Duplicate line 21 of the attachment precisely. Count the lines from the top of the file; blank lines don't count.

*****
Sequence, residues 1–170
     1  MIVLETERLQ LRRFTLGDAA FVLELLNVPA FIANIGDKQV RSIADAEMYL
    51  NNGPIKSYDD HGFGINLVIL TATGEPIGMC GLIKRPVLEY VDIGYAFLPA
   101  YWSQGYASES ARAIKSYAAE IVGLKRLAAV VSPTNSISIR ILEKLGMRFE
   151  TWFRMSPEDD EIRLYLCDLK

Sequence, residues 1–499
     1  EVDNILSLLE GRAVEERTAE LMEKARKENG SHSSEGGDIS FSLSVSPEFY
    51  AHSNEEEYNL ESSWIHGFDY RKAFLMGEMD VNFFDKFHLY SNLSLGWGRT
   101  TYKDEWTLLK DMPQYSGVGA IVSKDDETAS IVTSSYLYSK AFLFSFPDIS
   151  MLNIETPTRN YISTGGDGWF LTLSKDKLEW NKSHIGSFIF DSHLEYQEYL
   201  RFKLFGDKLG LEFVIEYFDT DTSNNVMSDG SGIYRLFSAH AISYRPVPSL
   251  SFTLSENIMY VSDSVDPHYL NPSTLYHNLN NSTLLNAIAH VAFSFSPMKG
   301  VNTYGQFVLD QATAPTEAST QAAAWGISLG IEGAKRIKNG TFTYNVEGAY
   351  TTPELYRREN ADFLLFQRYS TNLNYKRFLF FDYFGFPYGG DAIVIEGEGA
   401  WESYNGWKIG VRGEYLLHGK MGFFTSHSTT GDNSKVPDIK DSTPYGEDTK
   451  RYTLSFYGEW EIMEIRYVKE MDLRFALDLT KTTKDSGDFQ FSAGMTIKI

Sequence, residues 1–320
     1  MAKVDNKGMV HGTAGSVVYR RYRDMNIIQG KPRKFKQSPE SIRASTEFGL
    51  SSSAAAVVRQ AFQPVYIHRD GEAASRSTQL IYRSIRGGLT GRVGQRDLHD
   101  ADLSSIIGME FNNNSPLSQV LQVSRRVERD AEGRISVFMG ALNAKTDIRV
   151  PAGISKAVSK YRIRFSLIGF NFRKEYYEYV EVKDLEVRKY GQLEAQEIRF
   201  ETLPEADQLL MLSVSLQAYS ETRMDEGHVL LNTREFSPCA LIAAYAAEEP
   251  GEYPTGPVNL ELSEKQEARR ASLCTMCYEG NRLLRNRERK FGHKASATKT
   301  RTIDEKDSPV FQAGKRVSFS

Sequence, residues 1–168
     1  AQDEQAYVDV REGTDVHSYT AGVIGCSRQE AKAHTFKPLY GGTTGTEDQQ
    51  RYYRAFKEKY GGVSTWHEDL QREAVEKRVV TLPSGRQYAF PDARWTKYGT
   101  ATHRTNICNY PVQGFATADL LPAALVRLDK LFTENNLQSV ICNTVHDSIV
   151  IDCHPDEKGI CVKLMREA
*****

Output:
   151  PAGISKAVSK YRIRFSLIGF NFRKEYYEYV EVKDLEVRKY GQLEAQEIRF